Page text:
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I realize this reply is a bit late but if you go to my blog you will see how I solved a dead spot in my house with a cell phone booster. Of course I'm on grid so I don't mind the power draw of this device which is in the 3w (standby) - 7w (in use) range. However this may be small enough for you. Also you could always just turn it on when you need it, but I'm not sure how useful that would be for incoming calls.
 
Len Ovens
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Dale Hodgins wrote:
The only thing that my computer/phone guy isn't sure of is whether it will be possible to dial phone numbers while in computer mode and then go back again without having to physically touch the phone. I think being able to take calls is enough for now.


For outgoing calls maybe google voice?

In truth, if it was me. There are a lot of wireless hubs floating around for free, (picked one up two days ago) and even new ones are not bad price wise. A lot of them will allow client mode and they all have external antennas. It is possible to go as much as 25 miles line of site with proper antennas on both units (speed does suffer at that DX). I would go less. if you have broadband at the property line, put a wireless router there with a directional antenna and another at your flagpole by the cottage in client mode. If you want to do another wireless around your cottage connect another wireless router in but set it to "ap" mode.

BTW, the 25 miles is a legal limit not technical. The legal output power goes down with the antenna gain, but the erp can still be higher with a high gain antenna at low power than with a low gain antenna and higher power (max 1 watt at 3db gain I think). It was 802.11a/b days when I was reading up on this stuff so things may have changed some, but none of the home units are any where near 1 watt... 100mw if you are lucky. Low enough that you can legally use as much gain as you want.

As for the phone up the pole trick.... why not put an old STV dish up the pole aimed at the cell tower. No active components needed just run the out put of one antenna to another pointed down. In truth both antennas can be made from the small size coffee can. Link to coffe can antenna. point one coffee can at the cell tower and connect the cable from one directly to the other and point it down towards your cell location. The cable should be short... just enough to get two ends on is best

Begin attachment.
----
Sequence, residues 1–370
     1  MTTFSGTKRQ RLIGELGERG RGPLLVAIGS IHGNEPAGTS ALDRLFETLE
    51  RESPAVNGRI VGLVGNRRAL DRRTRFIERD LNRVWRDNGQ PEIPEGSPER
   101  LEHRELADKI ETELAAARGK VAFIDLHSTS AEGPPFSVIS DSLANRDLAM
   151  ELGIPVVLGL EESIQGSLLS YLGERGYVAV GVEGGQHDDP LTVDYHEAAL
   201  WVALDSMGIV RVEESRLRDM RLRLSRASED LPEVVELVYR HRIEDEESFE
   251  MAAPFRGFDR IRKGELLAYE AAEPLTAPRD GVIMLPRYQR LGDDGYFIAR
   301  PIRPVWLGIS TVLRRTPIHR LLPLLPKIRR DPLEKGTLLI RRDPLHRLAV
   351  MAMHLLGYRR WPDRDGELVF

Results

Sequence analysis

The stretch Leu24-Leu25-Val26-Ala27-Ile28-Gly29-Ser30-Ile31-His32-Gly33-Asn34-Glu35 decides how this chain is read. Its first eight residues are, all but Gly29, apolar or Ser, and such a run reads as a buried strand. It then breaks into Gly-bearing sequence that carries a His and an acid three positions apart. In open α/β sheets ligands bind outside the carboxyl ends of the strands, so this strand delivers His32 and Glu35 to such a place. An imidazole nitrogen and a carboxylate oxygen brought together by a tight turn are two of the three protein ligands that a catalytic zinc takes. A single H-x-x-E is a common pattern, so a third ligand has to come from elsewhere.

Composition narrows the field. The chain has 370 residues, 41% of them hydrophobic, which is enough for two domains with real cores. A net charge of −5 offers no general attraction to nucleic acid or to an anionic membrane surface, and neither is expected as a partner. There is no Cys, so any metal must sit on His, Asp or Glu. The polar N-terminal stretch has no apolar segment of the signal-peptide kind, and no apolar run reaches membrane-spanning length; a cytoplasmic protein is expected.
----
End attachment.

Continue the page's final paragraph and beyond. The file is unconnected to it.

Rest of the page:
Have fun.
 
Dale Hodgins
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I decided to avoid a whole lot of tinkering and I bought an antenna to help with cell reception. It cost me $120.00. It disconnects from the car in seconds.

My neighbor has one and it works great. I went from one bar to three,  by holding mine against his booster, without sliding it into the saddle that was set for his smaller phone.

I'm buying one of those batteries with built-in jumper cables,  that are used for boosting vehicles. They have two or more 12 volt outlets. This mobility will allow me to use it inside the cottage. The antenna can be placed near the peak of the roof inside or outside by the window.  The antenna may have to rest on a small piece of sheet metal which becomes a block that prevents feedback between antenna and phone.

My telephone and internet station is downstairs. There is supposed to be space between the two units.

The booster battery holds enough power for the phone and antenna to be used for many days.

This system worked really well in my neighbors truck at a lower elevation,  so I'm sure it will work well when the antenna is up high.
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Dale Hodgins
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I have bought a new power pack which will run my phone, my antenna and many other things that run on both AC and DC.

It has one DC outlet and three AC outlets.  Most people buy these as boosters for cars. It has 800 cranking amps.

I'm pretty sure I can connect the battery grabbers to another battery that is fully charged and they will drain down together. This would allow me to have much more power than the power pack stores.
 
Dale Hodgins
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I bought a number of Phillips 10.5 watt led bulbs.

They cast light which is very similar to incandescent. They are in a very durable hard plastic case. This is important for me, since some will be taken to jobsites.

I tried them out in my PowerPack, along with many small appliances and electronics. Everything worked well.
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Dale Hodgins
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This handheld led light is very powerful. I use it at jobsites and when I'm doing things with my vehicle. It can be used as a floodlight or a flashlight. It has magnets on the bottom and a hook for hanging from a nail.
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Dale Hodgins
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I'm currently lying in the cab of my truck at the property. Before getting the antenna, I could make the occasional call if I stood in just the right spot. Now, I can surf the internet and post photos.

The phone battery last a lot longer when there's plenty of signal.

I started building a masonry stove this afternoon.
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Linda Myers
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Location: Tonasket, WA
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Dale Hodgins wrote:I bought a number of Phillips 10.5 watt led bulbs.

They cast light which is very similar to incandescent. They are in a very durable hard plastic case. This is important for me, since some will be taken to jobsites.

I tried them out in my PowerPack, along with many small appliances and electronics. Everything worked well.


In December I bought 28 of these from Lowes, (not the closest one it was selective) for $1.98 each! We will be moving out to our property in North Central Washington State in a couple of months and we will be waaay off grid. Every little bit helps. And, no, I won't be using all 28, I was sharing the wealth, lol.

We are using them now and really like them!
 
Water! People swim in water! Even tiny ads swim in water:
Permaculture Playing Cards by Paul Wheaton and Alexander Ojeda
https://permies.com/wiki/57503/digital-market/digital-market/Permaculture-Playing-Cards-Paul-Wheaton